2. (also apex) =Advance Purchase Excursion APEX fareprecio m APEX
APEX ticketbillete m APEX

apex

[ˈeɪpeks] N (apexes, apices (pl)) [ˈeɪpɪsiːz]
1. (Math) → vértice m
2. (fig) → cumbre f, cima f

Apex

APEX [ˈeɪpɛks] (=advance purchase excursion)
nAPEX m
modif [fare, return, ticket] → APEX inv

apex

[ˈeɪpɛks] n
[building] → sommet m
(fig)point m culminant

apex

n pl <-es or apices> → Spitze f; (fig)Höhepunkt m

APEX

[ˈeɪpɛks] n abbr
a. (Brit) =Association of Professional, Executive, Clerical and Computer Staff associazione dei professionisti, dirigenti, impiegati ed informatici
b. (Aer) =advance purchase excursionAPEX m inv

apex

[ˈeɪpɛks] n (Geom) → vertice m (fig) → vertice m, apice m

apex

(ˈeipeks) noun
the highest point or tip (of something). the apex of a triangle; the apex of a person's career.

a·pex

n. apex.
1. ápice, extremo superior o punta de un órgano;
2. extremidad puntiaguda de una estructura.
References in classic literature ?
Once a leash of thin black whips, like the arms of an octopus, flashed across the sunset and was immediately with- drawn, and afterwards a thin rod rose up, joint by joint, bearing at its apex a circular disk that spun with a wobbling motion.
This was his goal, the apex of the "V," and he panned many times to locate it.
A military organization may be quite correctly compared to a cone, of which the base with the largest diameter consists of the rank and file; the next higher and smaller section of the cone consists of the next higher grades of the army, and so on to the apex, the point of which will represent the commander in chief.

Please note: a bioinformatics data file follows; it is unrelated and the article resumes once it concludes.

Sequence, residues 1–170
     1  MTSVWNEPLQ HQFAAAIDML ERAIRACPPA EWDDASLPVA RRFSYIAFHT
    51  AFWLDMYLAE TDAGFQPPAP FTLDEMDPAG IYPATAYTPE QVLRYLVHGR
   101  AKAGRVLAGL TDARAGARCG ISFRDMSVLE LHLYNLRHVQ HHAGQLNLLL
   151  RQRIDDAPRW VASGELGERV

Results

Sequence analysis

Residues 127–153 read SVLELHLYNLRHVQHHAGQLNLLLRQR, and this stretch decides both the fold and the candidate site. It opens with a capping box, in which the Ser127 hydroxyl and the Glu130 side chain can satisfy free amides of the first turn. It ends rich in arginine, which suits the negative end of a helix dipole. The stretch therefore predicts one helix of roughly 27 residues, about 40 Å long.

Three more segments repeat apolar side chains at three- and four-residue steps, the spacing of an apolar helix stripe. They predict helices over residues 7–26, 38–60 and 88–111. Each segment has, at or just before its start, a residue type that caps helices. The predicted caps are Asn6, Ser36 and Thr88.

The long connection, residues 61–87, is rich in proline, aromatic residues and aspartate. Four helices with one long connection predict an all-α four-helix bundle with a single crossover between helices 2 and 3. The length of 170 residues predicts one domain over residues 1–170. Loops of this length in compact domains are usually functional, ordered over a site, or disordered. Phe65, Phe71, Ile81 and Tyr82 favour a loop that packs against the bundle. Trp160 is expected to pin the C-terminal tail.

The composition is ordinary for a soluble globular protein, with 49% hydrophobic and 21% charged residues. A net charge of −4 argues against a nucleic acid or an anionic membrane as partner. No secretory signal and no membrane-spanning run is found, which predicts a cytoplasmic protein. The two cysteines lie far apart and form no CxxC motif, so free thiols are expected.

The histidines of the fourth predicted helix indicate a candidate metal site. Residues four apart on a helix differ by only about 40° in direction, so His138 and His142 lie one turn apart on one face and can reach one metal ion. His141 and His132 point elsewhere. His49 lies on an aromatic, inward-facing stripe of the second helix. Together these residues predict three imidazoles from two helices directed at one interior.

quarter, when she makes with the sun and the earth an angle of which she herself occupies the apex.
Backward, from the apex, his head slanted down to his neck and forward it slanted uncompromisingly to meet a low and remarkably wide forehead.
Everybody knows that the great reversed triangle of land, with its base in the north and its apex in the south, which is called India, embraces fourteen hundred thousand square miles, upon which is spread unequally a population of one hundred and eighty millions of souls.
A line was accordingly attached to it, and the other end being passed over the ridge-pole of the house, it was hoisted up to the apex of the roof, where it hung suspended directly over the mats where I usually reclined.
The trunk was fashioned like a wedge with the apex to the earth.
They, in the auto, were coming down Market with the intention of negotiating the sharp apex and going up Geary.
Form the balance of the battleships into a great V with the apex pointing directly south-south-east.
And that the Egyptians were a nation of mast-head standers, is an assertion based upon the general belief among archaeologists, that the first pyramids were founded for astronomical purposes: a theory singularly supported by the peculiar stair-like formation of all four sides of those edifices; whereby, with prodigious long upliftings of their legs, those old astronomers were wont to mount to the apex, and sing out for new stars; even as the look-outs of a modern ship sing out for a sail, or a whale just bearing in sight.
Most people imagined them to be the very apex of the pyramid; but they themselves (at least those of Mrs.